The research comes as the world readies itself for growth brought about by the fourth industrial revolution, or Industry 4.0. According to recent research from McKinsey and the World Economic Forum, Industry 4.0 has the potential to create USD 3.7 trillion in value by 2025. As digital transformation accelerates, Europe’s place as one of the world’s primary centres of enterprise data puts it in a strong position to capitalise on this growth.
The Data Gravity Index DGx™ – which measures the creation, aggregation and private exchange of enterprise data across 21 metros – reveals that regions with strong global connectivity and an abundance of data-led industries, such as a thriving technology scene or prominent financial services sector, create so much enterprise data that they produce a ‘Data Gravity’ effect, exponentially attracting more data to the region.
Europe’s pre-eminence in a wide range of knowledge economy industries, such as financial services and complex manufacturing, that create vast amounts of enterprise data, combined with the emergence of data-led industries in Europe, has turned the region into a global ‘enterprise data superpower’. According to the research, the volume of enterprise data being created, aggregated and exchanged among European cities is the largest in the world; even larger than North America. Europe is expected to extend its lead as the world’s enterprise data superpower even further in 2024.
Dave McCrory, who coined the term Data Gravity in 2010 and led research on the Data Gravity Index DGx™ explains: “We’ve seen that Data Gravity not only attracts data but makes both data and the services that rely on it exponentially more difficult to move. This gives cities with a particular weight in one industry, like London’s financial services sector or Frankfurt’s complex manufacturing sector, a huge advantage as they naturally attract more of the same kind of data and services – and with them businesses – while it becomes ever harder to attract opportunities away from them. For businesses, it’s less advantageous – data has become a key strategic resource, but Data Gravity means too much of it can be difficult to use and impossible to move while constantly creating and attracting more.”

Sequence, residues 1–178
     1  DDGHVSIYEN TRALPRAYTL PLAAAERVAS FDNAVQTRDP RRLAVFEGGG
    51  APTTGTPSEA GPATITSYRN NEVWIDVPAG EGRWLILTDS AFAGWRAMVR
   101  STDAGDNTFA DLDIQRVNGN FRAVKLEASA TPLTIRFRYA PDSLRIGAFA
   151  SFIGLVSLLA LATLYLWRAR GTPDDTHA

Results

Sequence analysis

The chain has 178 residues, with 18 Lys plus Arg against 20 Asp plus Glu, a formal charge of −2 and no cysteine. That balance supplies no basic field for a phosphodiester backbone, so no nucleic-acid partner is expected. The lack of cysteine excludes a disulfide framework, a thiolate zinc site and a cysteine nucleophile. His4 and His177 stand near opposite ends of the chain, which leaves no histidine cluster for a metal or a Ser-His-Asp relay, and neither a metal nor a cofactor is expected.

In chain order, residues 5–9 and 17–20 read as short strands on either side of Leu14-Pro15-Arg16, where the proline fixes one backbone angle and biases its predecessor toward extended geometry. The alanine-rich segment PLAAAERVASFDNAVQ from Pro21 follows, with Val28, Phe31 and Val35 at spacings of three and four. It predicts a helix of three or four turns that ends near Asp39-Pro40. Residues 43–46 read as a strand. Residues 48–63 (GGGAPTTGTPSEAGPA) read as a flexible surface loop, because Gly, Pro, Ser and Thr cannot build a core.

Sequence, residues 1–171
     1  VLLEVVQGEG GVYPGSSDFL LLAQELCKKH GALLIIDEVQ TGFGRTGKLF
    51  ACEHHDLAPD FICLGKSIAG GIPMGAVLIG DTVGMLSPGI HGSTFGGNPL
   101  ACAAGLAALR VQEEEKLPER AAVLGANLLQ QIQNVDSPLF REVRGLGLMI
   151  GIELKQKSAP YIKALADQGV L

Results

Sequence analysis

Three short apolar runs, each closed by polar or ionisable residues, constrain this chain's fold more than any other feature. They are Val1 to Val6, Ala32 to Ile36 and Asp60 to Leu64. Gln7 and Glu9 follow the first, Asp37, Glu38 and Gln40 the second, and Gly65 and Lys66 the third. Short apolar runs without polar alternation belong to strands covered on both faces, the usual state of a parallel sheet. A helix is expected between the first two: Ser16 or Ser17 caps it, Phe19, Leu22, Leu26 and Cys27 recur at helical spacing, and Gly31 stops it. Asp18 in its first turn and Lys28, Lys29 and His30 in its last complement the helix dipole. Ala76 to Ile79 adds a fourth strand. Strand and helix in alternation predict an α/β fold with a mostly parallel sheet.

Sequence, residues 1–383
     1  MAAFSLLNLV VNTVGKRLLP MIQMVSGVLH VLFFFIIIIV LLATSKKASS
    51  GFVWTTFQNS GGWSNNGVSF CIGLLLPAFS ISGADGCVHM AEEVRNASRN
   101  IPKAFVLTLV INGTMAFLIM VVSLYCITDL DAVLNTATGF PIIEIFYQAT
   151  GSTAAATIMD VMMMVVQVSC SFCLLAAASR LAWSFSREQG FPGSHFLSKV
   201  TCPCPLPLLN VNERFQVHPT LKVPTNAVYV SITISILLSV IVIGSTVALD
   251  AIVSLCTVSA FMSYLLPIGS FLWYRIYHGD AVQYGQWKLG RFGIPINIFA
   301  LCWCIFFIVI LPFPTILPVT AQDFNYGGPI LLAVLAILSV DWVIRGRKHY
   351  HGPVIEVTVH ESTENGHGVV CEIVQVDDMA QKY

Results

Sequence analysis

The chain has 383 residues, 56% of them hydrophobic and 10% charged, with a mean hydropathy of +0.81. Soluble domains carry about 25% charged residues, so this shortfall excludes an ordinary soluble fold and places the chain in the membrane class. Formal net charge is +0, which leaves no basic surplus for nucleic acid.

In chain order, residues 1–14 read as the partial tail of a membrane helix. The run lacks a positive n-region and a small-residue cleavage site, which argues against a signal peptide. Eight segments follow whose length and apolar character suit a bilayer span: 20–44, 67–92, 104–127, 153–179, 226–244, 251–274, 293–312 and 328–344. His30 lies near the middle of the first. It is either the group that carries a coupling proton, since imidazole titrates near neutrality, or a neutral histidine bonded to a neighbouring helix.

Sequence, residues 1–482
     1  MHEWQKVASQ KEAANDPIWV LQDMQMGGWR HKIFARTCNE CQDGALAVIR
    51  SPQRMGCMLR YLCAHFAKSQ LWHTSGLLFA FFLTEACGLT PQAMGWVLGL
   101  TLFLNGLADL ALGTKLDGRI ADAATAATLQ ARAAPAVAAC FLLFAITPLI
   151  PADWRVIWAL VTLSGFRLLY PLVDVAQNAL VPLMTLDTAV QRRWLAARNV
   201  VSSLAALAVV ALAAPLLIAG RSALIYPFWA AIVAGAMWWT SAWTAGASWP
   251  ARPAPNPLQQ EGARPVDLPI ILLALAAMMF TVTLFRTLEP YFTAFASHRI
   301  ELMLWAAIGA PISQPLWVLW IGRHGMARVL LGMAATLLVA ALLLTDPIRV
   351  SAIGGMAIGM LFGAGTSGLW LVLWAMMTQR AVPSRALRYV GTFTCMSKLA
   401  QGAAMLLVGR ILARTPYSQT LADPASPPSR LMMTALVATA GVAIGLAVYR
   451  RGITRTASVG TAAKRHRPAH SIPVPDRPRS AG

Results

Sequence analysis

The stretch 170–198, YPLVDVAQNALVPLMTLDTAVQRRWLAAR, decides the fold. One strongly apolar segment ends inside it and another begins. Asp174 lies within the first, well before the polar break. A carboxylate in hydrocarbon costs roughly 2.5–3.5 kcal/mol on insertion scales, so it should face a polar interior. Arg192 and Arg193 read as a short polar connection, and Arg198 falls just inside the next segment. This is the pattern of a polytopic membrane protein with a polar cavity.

Europe’s data lead
London is currently the world’s most powerful centre for enterprise data, with a Data Gravity score of 167.05, outpacing both New York (79.61) and Tokyo (80.32) – largely driven by its prominent and highly connected financial services industry. The average Data Gravity score across all cities is 22.64 and 48.45 across Europe. Four other European cities also currently rank in the top centres of enterprise data: Amsterdam, Dublin, Frankfurt and Paris.
However, it’s not only the abundance of enterprise data that’s putting European cities in the lead, but the flow of that data between them. According to the Data Gravity Index DGx™, Europe is home to several of the world’s most interconnected city pairings, no doubt helped by the regulatory ease of doing business with one another, as well as the cities’ thriving financial centres. These include London and Amsterdam (1st overall), Paris and London (2nd overall), Frankfurt and Paris (5th overall), London and Frankfurt (6th overall), as well as Dublin and London (10th overall).
Quantum levels of data